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MMUST Efforts to Improve Healthcare Education Continue as It Hosts University of Nottingham Delegation to Discuss Possible Areas of Collaboration

MMUST-University of Nottingham teams pose for a group photo at the DIAL office.

Masinde Muliro University of Science and Technology has hosted a delegation from the University of Nottingham, UK, to explore possible areas of collaboration in healthcare education. The team, which comprised of Prof. Yash Mahida, a professor of Medicine, and the Senior Global Engagement Manager at the University of Nottingham, Mr. Joshua Hawkins, visited MMUST on Thursday, 19th January, 2023, courtesy of the Kenya-UK Health Alliance.

The visitors were received by Dr. Rose Opiyo, who was standing in for the Director, International Relations and Academic Linkages (DIAL), Dr. Catherine Aura. “This collaboration will have a huge impact on not only the School of Medicine, but also other faculties within the University, as well as the community and the Lake Region Economic Block,” stated Dr. Opiyo.

Speaking during the meeting, Prof. Yash noted that his University was interested in understanding MMUST’s School of Medicine, by familiarizing with its programmes, activities, inspirations and plans on its areas of interest to enable development of a mutually beneficial collaboration between the two institutions.

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Prof. Yash Mahida gives a presentation during the MMUST-University of Nottingham meeting.

“At Nottingham, there is significant interest in Basic Science, particularly infectious diseases, expertise in molecular microbiology, parasitology including malaria, antimicrobial stewardship, Hepatitis C&B, clinical aspects of pneumonia and COVID-19,” stated the Professor of Medicine. Additionally, he briefed the meeting of the NIHR Nottingham Biomedical Research Centre which receives a stream of funding for Experimental Medicine and Translational Research, where the areas of strength are: Magnetic Resonance Imaging (MRI), Gastrointestinal & Liver, Hearing, Mental Health & Technology; Musculoskeletal, Surgery, Inflammation & Recovery; Respiratory Medicine, Informatics and COVID-19.

The University of Nottingham team also revealed that the advancement of technology in the medical sector has resulted in great improvement of health for patients with common diseases. This paved way to a discussion on the challenges faced in the Kenyan healthcare system, which despite having adequate infrastructure and human resource, does not provide excellent services. Prof. Yash noted that the UK faces challenges as well, and added that it is important for Kenya to understand its problems in order to identify gaps for intervention.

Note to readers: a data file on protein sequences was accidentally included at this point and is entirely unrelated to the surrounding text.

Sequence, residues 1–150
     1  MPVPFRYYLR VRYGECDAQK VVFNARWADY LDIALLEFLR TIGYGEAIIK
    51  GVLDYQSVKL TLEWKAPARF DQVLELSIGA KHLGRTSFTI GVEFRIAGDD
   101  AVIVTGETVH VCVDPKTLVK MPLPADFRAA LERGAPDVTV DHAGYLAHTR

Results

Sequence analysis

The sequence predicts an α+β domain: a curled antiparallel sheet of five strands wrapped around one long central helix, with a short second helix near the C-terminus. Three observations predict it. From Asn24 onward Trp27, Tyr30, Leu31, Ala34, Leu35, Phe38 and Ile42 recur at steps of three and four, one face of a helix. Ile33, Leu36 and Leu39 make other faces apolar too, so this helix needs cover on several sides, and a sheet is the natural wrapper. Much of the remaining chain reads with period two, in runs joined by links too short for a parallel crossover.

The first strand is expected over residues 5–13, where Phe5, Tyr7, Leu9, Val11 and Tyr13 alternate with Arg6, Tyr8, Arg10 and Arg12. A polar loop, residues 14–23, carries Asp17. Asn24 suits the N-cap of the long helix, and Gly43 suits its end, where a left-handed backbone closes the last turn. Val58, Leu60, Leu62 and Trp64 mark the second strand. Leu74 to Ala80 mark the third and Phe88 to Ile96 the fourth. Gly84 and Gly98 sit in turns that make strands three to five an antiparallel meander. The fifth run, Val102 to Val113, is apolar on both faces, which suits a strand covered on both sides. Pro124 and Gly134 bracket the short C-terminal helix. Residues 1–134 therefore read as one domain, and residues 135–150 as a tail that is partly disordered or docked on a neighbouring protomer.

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MMUST-University of Nottingham teams discuss at the DIAL office.

MMUST’s School of Medicine team also had the opportunity to share some of its ongoing research, citing their achievements, challenges and areas of interest.

In harmony, the two (2) institutions proposed for inclusion of exchange programmes between staff and students, clinical elective exchange programs for students, online seminars for both students and staff, introduction of virtual collaborative courses in the form of short courses that will target the identified gaps with regards to skills and expertise, after which the learners will be issued with transcripts and certificates that will allow them to practice internationally.   

Notably, the group also held discussions and proposed to undertake collaborative research, joint review of publications with a view of how to expand the scope of citation matrix that will enable them secure funding when opportunities arise.

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University of Nottingham’s Mr. Joshua Hawkins gives a presentation during the meeting.

Interestingly, the team from MMUST sought the opinion of Prof. Yash regarding the use of traditional herbal medicine. This triggered conversation among the participants who confirmed that herbal medicine has been commonly used over the years for treatment, prevention of diseases and health promotion as well as for enhancing quality of life. They however agreed that despite this adoption, there is need to keenly look into issues of lack of research data, education and training, information, safety monitoring upon use, and methods to evaluate their safety and efficacy.

The Kenya-UK Health Alliance is a collaboration between the Governments of Kenya and the UK, which aims to uplift the standard of healthcare in Kenya, through research, workforce training and education of healthcare professionals, initially focusing on improving cancer outcomes through early detection, rapid diagnosis and the delivery of high-quality care. Certainly, this alliance will power up MMUST’s national and international networks, thereby improving the quality of training in this sector.

Other participants from MMUST included; Ag. Dean School of Medicine, Dr. Iddah Ali, Professor of Medicine, Prof. James Aggrey Oloo, adjunct lecturers Department of Medical Physiology, Dr. Henry Nyongesa and Dr. Sarah Okiya, who is also an anaesthesiologist at the Kakamega County Referral Hospital, and the Ag. Director Corporate Communications and Marketing, Prof. Stanley Omuterema.


By Caren Nekesa

Photos by Wangari Wambugu

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